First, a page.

En febrero de 2017, una delegación de 8 cocaleros de distintas regiones de Colombia viajó a Bolivia para conocer la transición del país desde la erradicación forzosa y el desarrollo alternativo condicionado hacia el control social de la coca y el desarrollo integral. A través de reuniones con la sociedad civil, organizaciones sociales y ministerios, se alentó a la delegación para que visualice cómo se podrían aplicar las experiencias bolivianas en Colombia, donde la reducción de la coca emergió como un punto fundamental en la transición histórica del posconflicto.
In February 2017, a delegation of 8 coca growers from across Colombia traveled to Bolivia to learn about the country’s shift from forced eradication and conditioned alternative development to community coca control and integrated development. Through meetings with civil society, social organizations, and government ministries, the delegation was encouraged to envision how Bolivia’s experiences could apply to Colombia, where coca reduction has emerged as a critical point in the historic post-conflict transition.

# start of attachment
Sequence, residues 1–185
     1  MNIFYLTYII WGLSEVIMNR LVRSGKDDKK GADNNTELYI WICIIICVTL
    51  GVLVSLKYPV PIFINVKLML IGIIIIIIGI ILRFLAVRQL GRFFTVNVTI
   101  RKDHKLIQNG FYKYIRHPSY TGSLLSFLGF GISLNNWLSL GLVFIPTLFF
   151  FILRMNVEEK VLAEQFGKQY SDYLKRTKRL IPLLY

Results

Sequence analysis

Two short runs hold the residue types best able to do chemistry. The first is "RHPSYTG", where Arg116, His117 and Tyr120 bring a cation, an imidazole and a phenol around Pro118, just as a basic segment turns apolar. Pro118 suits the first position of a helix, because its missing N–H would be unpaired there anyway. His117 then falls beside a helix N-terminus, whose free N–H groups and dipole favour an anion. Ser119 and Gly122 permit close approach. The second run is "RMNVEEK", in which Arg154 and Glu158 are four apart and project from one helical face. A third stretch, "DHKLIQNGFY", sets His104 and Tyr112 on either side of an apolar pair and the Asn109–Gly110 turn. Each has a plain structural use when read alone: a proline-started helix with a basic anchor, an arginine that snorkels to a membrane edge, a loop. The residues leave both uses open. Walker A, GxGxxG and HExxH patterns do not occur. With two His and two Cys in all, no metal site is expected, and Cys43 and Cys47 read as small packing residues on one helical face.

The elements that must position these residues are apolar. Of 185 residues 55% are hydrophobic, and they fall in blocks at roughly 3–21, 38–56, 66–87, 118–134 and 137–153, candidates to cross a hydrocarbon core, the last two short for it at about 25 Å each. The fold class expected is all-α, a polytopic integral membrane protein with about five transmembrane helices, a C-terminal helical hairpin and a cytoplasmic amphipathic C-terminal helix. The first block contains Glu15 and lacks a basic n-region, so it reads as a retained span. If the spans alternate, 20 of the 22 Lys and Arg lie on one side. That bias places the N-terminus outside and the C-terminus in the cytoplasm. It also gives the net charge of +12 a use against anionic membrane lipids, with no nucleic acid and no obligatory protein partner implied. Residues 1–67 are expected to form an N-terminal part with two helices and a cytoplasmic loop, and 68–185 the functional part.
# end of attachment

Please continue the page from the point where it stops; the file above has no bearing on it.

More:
Written by AIN Contributor Linda Farthing in the World Politics Review, “Negotiating with Growers, Bolivia Forges its own Approach to Coca Production” analyzes Bolivia’s new coca and controlled substance laws.
Tuesday, April 11, 2017
Last month, Bolivia passed new coca and drug control laws that marked another milestone in the independent—but to his critics, controversial—drug policy fashioned by President Evo Morales’ government. A decade in the making, the laws “were an essential step because the former drug law was imposed by the U.S.,” the vice minister for social movement coordination, Alfredo Rada, told the local press. He was referring to a 1988 law pushed by the United States that limited the production of coca—the main ingredient in cocaine—and carried harsh penalties for illegal cultivation…
The 2017 Global Food Policy Report of the International Food Policy Research Institute (IFPRI) highlights sustained reductions in Bolivia’s hunger index between 1992 and 2016. The Index is calculated using data on prevalence of undernourishment, wasting, stunting, and child mortality. In the last eight years, Bolivia’s index decreased by 8.5, moving from “serious” to “moderate” severity. To learn more, visit the IFPRI website here.